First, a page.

Being a woman means caring too much.
Too much about what’s going to happen to you and the people you love.
Too much about all the crap going on in the world today, and whether it will even be around for your kids’ kids.
Too much about violence, and sexism, and abuse, and hate crimes.
So you turn off the TV, or stop clicking on news stories, and try to breathe. You remind yourself that everything is okay. You’re fed and clothed and still have health insurance. The world is a good place, as long you keep your eyes narrowly focused on the one bright spot in front of you.
But your mind can’t stop caring.
In the absence of bigger things to worry about, you worry about the small things.
You worry about what that person said to you, and whether they meant it nicely or secretly intended something mean.
You worry about the double chin you seem to have in photos, and the wrinkles that burst out when you smile, and those stretch marks on your hips that will never go away.
You worry about whether those cushions match the sofa, and what people will think of your house when they drop by, and whether you’re expected to plant flowers in your yard even though you always kill them.
Worries come in all shapes and sizes. Big fears can plow you down, like a rhinoceros sitting on your chest, or you can be stung to death by a million incessant flying concerns.
You’re going to be worrying for the REST OF YOUR LIFE.
No matter what you do.
Because there’s always one more thing to worry about. Your baby’s high school graduation. Your dad’s visit to the specialist. Your best friend’s heartbreak.
Which is why I was fascinated to hear a talk on the practice of “compassionate detachment.”
Compassionate detachment is a lifeline for those of us who’ll find someone else to worry over if we don’t have enough to worry about in our own lives.
You see, those of us who are savers—we want to save everyone, from our kids to our friends to that little old lady shuffling through a crowded shop aisle in a walker—hate pain.
Pain is the main obstacle to happiness in this lifetime. If only everyone we know were happy, we’d finally be able to relax. We’d allow ourselves to be happy, like the moms who wait until everyone is served before they sit down to eat.
But as long as someone somewhere is experiencing pain, we’re on it.
We’re on pain duty. We’re there to witness their suffering. We’ll take on their worries for them. We’ll spend our free time figuring out their situation and fixing it for them. Even if they don’t want us to.
Savers often end up in saving professions, such as nursing, social work, eldercare, counseling or (cough cough) self-help.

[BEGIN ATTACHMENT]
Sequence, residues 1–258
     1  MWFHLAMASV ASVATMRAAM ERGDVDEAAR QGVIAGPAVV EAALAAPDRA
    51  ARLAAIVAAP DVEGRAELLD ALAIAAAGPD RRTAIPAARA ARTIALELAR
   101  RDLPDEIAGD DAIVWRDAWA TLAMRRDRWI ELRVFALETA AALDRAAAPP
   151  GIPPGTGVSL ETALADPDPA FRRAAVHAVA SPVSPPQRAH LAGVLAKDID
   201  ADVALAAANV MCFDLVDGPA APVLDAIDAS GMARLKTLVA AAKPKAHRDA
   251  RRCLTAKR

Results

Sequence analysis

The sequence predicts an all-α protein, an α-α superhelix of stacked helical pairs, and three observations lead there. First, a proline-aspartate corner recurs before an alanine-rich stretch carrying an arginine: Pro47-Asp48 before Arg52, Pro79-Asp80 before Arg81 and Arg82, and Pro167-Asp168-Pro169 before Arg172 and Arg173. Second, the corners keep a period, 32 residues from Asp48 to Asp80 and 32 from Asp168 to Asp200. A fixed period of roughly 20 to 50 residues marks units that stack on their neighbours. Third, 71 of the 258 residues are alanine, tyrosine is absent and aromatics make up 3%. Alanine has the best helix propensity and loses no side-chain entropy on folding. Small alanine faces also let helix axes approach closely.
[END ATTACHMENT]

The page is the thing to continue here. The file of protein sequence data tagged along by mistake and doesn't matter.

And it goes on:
There’s so much pain, and so much need, everywhere we look, that it all gets overwhelming. Burnout is a very real problem. You can’t feel everyone else’s pain and stay sane.
That’s where compassionate detachment comes in.
Feeling compassion is a wonderful thing. It’s what connects us to the humanity in others. We all suffer. None of us will make it through this life alive.
But taking on the suffering of others doesn’t work. You can’t suffer for other people.
And that’s why you need detachment.
Detachment means stepping back and lovingly allowing other people to follow their own path. You are not responsible for anyone else. Even if other people make choices that cause them pain, that is their right. Your only role is to be present for them with love.
How could you possibly remain detached from those you love? You want them to be healthy and happy! You want to help them any way you can! Even if that means living their lives for them.
Live other people’s lives for them, and you’re excused from figuring out the mess that’s your own.
Anne Lamott knows this. Her 2017 book Hallelujah Anyway casts a loving light on the struggle to be compassionately detached when you’re an admitted control freak who knows what’s best for everyone.
The problem with detachment is that it makes us responsible. We have to admit we can’t fix everything. We can’t fix other people. We can’t fix this big fat mess of a world. We’ve got bigger fish to fry: sorting out the complicated, confused life of that person staring back at us in the mirror.
In that way, detachment is the most loving thing you can do.
It keeps you firmly in the space of agenda-free compassion. It stops you from judging other people’s lives. It reminds you that you don’t know how things are going to turn out in the end. Heck, you don’t even know what’s best for yourself half the time.
Save the world … or love it with all the compassionate detachment you can muster?